The “Confession” of One of the New World’s First Rabbis

March 15 2018

Born to a converso family in Portugal, and raised as a Jew in Amsterdam, Isaac Aboab de Fonseca is best known to posterity for signing the rabbinic ban expelling Benedict Spinoza from the city’s Jewish community in 1656. But from 1642 to 1654 he served as the rabbi of the congregation in Recife, in Dutch Brazil. Most of Recife’s Jews were themselves from Portuguese converso families and had reverted to Judaism when northeastern Brazil came under Dutch rule. Oren Zweiter describes a remarkable work of Aboab’s:

[In] 1646, the Dutch colony was under siege by the Portuguese. The Jews of Recife were terrified at the prospect of Portuguese conquest, knowing that Portuguese victory would bring the Inquisition with it. To respond to the threat, Aboab composed a viduy, or confessional prayer, enumerating what he believed to be the community’s sins and beseeching God to spare them. He thereafter composed a second poem recounting the Jews’ suffering during the siege, as well as their rescue. . . .

At the very beginning of the poem, he depicted the Jewish residents of Brazil, himself included, as “dwellers in the shadows of the universe.” Brazil was on the fringes, in the shadows of the known world, far from any major center of Jewish life. Later in the poem, he makes a personal statement, claiming that, “For my sin, I have been tossed to a faraway land.”

For Aboab, the Americas were in the shadows, and the only reason that could explain his presence there was that it was a punishment of exile for sins he had committed. He was a young, rising star in the rabbinic world of Amsterdam, who was taken from the center of his community’s Jewish life and sent to the most remote place imaginable. Aboab’s sentiments reflect the feelings of later immigrant rabbis to the New World, whether from Germany, Lithuania, or Hungary. The Americas were far. The Americas were different. It was rabbinic exile.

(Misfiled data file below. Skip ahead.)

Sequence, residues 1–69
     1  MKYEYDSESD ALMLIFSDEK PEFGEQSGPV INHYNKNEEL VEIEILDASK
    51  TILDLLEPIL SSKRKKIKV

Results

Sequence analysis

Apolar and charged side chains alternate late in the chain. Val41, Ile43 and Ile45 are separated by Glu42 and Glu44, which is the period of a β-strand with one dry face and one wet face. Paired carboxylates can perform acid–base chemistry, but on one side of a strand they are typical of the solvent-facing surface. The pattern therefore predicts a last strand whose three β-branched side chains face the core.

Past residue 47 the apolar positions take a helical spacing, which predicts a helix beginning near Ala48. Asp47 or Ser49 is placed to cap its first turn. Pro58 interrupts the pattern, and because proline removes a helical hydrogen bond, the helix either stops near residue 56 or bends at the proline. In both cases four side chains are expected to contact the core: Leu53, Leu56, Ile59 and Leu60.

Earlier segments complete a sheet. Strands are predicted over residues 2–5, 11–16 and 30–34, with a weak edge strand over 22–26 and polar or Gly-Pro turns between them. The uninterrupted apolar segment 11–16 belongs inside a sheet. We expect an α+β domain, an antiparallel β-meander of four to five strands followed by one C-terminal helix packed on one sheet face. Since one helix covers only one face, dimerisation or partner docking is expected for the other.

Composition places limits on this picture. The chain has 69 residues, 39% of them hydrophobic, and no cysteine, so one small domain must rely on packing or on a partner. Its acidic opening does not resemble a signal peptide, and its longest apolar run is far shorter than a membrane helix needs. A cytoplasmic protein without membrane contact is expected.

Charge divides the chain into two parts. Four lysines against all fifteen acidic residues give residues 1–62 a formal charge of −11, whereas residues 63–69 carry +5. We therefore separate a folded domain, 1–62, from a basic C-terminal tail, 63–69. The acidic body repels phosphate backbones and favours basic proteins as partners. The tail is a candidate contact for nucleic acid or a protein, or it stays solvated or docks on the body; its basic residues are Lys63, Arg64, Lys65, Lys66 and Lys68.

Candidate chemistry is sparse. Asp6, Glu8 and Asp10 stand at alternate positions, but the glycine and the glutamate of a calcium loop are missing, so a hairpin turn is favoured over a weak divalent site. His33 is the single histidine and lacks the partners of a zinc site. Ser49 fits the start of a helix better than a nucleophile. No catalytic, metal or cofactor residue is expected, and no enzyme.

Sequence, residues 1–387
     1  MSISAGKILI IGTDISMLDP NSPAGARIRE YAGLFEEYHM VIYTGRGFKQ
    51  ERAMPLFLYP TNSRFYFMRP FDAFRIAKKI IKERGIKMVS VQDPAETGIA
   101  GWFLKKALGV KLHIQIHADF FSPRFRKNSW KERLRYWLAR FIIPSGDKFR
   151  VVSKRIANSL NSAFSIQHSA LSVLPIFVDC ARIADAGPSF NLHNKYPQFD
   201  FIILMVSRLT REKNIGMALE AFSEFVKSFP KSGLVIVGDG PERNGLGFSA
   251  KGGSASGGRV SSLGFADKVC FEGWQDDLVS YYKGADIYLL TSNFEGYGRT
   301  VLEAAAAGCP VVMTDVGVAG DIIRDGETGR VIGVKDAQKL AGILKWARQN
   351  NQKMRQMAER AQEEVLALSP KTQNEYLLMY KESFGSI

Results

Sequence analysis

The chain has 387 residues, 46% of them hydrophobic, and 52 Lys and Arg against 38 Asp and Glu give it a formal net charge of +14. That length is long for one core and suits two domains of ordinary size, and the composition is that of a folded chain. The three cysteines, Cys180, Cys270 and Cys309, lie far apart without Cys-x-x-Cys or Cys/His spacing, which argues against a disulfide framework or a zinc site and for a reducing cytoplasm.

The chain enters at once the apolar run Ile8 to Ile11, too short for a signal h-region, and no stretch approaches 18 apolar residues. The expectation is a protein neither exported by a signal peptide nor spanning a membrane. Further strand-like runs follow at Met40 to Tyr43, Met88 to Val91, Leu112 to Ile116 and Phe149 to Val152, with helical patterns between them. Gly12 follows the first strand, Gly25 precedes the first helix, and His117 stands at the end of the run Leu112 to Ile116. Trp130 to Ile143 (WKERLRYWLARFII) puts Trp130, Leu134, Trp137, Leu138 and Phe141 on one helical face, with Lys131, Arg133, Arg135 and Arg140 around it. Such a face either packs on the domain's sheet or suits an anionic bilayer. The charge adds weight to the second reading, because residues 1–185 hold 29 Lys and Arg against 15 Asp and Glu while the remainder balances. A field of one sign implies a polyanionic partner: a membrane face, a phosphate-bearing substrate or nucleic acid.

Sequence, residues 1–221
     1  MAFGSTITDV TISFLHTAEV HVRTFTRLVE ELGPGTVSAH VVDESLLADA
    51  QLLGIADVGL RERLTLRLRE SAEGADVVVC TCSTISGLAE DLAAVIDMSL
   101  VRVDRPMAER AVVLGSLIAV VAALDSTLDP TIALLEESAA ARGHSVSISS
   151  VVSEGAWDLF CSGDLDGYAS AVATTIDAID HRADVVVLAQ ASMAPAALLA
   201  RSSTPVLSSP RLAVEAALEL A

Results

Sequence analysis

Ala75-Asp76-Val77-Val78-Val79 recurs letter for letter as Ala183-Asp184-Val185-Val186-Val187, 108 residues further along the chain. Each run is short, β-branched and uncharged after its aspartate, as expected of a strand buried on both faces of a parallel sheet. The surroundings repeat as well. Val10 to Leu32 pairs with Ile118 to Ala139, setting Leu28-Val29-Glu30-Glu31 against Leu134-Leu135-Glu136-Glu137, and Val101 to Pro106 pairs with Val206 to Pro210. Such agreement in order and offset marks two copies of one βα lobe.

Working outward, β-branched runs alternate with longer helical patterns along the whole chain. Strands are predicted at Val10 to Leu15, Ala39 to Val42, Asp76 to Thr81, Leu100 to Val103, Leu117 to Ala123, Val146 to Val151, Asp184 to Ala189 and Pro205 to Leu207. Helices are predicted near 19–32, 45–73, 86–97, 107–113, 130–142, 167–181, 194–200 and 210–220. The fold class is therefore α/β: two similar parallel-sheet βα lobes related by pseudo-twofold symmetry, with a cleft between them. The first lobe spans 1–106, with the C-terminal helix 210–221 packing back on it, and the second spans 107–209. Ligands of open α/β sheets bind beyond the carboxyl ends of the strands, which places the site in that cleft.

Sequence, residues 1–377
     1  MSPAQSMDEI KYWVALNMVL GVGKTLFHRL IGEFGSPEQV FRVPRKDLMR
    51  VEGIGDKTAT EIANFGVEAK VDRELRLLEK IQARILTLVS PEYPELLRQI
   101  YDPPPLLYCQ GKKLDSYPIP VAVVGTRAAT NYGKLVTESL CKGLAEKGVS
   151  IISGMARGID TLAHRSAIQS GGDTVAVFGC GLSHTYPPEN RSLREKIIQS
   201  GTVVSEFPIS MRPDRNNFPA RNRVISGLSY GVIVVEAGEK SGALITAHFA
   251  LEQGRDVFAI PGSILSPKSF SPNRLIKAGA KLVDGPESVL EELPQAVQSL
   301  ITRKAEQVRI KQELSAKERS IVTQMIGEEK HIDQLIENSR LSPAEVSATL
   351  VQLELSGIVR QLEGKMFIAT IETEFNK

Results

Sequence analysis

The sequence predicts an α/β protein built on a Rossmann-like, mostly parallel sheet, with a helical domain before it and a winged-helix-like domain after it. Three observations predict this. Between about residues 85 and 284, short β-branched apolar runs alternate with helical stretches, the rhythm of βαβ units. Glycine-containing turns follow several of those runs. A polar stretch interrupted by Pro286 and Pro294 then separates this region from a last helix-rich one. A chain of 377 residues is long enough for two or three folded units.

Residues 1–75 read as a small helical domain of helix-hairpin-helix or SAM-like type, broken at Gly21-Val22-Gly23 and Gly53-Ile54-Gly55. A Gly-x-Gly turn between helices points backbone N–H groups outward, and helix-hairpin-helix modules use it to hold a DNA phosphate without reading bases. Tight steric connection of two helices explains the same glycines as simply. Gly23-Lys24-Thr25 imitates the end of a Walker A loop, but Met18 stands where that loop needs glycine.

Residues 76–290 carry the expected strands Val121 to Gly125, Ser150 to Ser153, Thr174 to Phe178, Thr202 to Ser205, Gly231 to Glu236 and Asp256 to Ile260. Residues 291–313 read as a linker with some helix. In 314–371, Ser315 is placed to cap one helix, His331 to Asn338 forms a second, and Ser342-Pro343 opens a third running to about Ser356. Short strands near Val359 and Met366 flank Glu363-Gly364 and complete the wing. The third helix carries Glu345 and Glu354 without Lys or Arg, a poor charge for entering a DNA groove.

Aside from his own personal feelings of exile, Aboab also . . . accused his community of forsaking God because of their material success: “My flesh stood up from fear of my adversaries, for from my wealth I forgot my Creator.” Aboab’s accusations of materialism, however, take on a clearer and harsher tone in the confession: “I have coveted . . . all of man’s pleasures at all times.”

Such laments, too, writes Zweiter, have been mainstay of rabbis in the Americas ever since.

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Read more at Lehrhaus

More about: Brazil, Conversos, History & Ideas, Inquisition, Latin America

How China Equips the Islamic Republic to Repress Its People

In its dedication to bringing totalitarianism into the 21st century, the Chinese Communist party has developed high-tech forms of surveillance using facial-recognition software, a vast system of “social credit,” and careful control over its subjects’ cellular phones. Even stricter and more invasive measures are applied to the Uyghurs of the northwestern part of the country. Beijing is also happy to export its innovations in tyranny to allies like Iran and Russia. Playing a key role in these advances is a nominally private company called Tiandy Technologies. Craig Singleton describes its activities:

Both Tiandy testimonials and Chinese-government press releases advertise the use of the company’s products by Chinese officials to track and interrogate Uyghur Muslims and other ethnic minorities in China’s Xinjiang province. According to human-rights groups, Chinese authorities also employ Tiandy products, such as “tiger chairs,” to torture Uyghurs and other minorities.

Iran has long relied on China to augment its digital surveillance capabilities, and Tehran was an early adopter of Beijing’s “social-credit” system, which it wields to assess citizens’ behavior and trustworthiness. . . . Iranian government representatives have publicized plans to leverage smart technologies, including AI-powered face recognition, to maintain regime stability and neutralize dissent. Enhanced cooperation with China is central to those efforts.

At present, Tiandy is not subject to U.S. sanctions or export controls. In light of Tiandy’s operations in both Xinjiang and Iran, policymakers should consider removing the company, its owner, and stakeholders from the international financial system and global supply chains.

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Read more at FDD

More about: China, Human Rights, Iran, Totalitarianism, U.S. Foreign policy